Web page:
For some time now, some of my on-line friends have advised me to provide a version of CassidySlangScam without the invective aimed at Cassidy and his supporters. In response to that advice, I am working on providing a glossary of the terms in Cassidy’s ludicrous book How The Irish Invented Slang with a short, simple and business-like explanation of why Cassidy’s version is wrong.
The word kinker, according to the late Daniel Cassidy in his work of false etymologies, How The Irish Invented Slang, is a slang term for a circus performer or a circus act. However, he also implies that kinkers were surly, rude or snooty.
Kinkers, adj., surly, rude; fig. snooty person) were the stuck up stars of the circus.
Ingeniously, he manages to find a quote from Jim Tully’s Circus Parade (1927) to back him up in this claim.
The performers were more snobbish than any class of people I have ever known. They did not talk to the lesser gentry of the circus save only to give commands. They were known as the ‘kinkers’ to us.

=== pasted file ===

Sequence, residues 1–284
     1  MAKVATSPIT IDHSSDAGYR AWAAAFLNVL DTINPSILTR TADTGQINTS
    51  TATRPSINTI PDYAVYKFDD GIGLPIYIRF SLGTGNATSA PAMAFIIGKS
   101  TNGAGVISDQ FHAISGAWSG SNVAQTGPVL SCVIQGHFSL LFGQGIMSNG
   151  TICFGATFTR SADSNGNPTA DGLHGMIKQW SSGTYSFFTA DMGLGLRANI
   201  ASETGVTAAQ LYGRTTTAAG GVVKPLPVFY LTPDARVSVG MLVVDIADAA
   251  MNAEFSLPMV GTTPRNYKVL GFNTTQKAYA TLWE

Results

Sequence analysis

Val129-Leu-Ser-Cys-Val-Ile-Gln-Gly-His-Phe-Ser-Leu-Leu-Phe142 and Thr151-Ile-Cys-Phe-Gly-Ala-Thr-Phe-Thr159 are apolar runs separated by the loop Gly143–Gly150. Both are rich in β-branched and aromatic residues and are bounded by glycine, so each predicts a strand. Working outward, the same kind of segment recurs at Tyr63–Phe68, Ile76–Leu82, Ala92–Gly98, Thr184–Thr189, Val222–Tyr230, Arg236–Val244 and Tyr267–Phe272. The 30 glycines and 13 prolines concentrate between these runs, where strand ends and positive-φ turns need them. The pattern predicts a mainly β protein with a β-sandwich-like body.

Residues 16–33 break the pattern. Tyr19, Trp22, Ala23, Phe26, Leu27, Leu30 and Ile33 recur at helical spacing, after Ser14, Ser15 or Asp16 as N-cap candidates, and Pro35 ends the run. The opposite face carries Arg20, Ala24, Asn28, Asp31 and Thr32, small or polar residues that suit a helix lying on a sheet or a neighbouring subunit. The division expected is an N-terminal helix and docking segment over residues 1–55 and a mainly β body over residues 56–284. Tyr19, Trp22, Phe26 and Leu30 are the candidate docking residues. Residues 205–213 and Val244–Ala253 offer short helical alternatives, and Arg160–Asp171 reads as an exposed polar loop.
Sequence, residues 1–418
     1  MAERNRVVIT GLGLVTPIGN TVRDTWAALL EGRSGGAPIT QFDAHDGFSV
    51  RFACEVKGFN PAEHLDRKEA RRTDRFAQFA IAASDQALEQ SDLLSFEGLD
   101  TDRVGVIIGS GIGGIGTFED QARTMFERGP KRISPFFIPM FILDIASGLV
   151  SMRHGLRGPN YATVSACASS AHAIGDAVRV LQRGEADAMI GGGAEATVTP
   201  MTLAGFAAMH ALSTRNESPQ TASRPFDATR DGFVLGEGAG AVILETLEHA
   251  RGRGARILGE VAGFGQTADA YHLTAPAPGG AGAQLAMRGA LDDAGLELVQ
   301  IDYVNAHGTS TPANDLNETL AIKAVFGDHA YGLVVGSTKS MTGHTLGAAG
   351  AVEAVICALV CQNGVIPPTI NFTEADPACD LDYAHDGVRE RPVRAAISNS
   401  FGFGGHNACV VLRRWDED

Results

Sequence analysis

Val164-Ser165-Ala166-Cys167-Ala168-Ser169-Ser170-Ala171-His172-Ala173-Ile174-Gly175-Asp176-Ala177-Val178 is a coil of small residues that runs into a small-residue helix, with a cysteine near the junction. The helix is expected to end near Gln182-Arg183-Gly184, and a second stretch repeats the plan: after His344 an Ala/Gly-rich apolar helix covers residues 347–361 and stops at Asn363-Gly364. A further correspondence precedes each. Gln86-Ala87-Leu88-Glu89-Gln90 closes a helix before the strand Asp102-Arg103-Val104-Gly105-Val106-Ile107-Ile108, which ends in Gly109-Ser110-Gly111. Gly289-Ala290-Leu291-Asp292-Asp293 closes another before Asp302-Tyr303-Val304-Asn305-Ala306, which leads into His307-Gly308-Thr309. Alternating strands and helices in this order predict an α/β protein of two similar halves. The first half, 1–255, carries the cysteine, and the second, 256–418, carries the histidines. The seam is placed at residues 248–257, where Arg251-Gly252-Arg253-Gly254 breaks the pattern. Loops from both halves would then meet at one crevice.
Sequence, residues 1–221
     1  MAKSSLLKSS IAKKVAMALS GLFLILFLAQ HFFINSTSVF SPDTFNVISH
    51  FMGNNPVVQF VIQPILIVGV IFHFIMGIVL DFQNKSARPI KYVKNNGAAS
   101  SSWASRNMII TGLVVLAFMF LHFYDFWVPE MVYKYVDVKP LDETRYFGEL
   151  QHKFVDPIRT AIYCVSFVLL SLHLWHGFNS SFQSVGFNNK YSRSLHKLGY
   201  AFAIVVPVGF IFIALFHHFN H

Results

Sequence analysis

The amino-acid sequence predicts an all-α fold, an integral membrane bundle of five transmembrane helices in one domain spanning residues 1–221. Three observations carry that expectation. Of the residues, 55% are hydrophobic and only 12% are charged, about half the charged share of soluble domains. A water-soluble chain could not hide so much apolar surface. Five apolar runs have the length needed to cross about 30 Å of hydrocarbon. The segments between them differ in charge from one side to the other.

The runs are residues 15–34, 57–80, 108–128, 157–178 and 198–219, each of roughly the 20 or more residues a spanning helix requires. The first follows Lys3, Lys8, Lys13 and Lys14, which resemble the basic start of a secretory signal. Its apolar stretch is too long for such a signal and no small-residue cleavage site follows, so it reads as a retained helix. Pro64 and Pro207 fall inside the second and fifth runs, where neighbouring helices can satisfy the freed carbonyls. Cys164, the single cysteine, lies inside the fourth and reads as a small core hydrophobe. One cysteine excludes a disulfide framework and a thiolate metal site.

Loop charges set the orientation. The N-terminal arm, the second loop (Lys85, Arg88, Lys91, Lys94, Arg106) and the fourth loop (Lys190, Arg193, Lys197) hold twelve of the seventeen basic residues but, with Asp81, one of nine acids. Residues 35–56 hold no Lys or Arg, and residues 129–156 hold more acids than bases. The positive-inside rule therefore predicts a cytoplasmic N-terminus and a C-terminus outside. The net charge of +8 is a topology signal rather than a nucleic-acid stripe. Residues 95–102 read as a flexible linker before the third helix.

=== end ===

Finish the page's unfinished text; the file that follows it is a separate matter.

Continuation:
Cassidy needs to emphasise this snobbishness because his candidate for the origin of kinker is the Irish geancach, which means a person with an upturned nose (geanc) or a snooty person. (Cassidy only mentions the secondary meaning.)
Kinker doesn’t sound much like geancach, of course, and geancach certainly isn’t the origin of the circus slang word. How do I know? Well, when you look up kinker on line, all becomes clear. Kinkers weren’t just circus performers. Kinkers were acrobats or contortionists. If you think of all the contorted and twisted and crooked meanings of the word kink in English, the word kinker is self-explanatory.